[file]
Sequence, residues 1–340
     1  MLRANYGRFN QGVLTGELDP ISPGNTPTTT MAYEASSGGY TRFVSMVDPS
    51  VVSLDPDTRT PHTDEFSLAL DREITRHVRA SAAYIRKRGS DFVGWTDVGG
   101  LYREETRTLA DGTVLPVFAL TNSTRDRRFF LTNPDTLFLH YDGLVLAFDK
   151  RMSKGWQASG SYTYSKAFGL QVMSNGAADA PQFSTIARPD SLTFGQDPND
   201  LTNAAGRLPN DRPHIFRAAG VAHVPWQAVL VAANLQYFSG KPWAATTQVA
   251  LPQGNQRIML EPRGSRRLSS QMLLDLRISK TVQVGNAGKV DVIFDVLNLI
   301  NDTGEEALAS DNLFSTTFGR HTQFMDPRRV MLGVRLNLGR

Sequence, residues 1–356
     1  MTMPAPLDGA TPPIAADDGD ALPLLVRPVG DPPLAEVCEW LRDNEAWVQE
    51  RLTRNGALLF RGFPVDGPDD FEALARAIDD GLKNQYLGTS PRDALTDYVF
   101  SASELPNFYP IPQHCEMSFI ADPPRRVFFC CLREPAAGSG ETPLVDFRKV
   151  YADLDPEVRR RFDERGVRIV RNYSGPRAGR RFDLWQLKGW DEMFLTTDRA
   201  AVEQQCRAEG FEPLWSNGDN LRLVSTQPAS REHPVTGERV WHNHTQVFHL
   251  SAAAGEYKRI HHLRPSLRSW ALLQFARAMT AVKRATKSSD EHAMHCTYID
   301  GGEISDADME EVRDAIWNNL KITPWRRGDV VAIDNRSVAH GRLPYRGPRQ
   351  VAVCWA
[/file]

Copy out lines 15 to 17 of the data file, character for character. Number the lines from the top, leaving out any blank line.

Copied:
   251  SAAAGEYKRI HHLRPSLRSW ALLQFARAMT AVKRATKSSD EHAMHCTYID
   301  GGEISDADME EVRDAIWNNL KITPWRRGDV VAIDNRSVAH GRLPYRGPRQ
   351  VAVCWA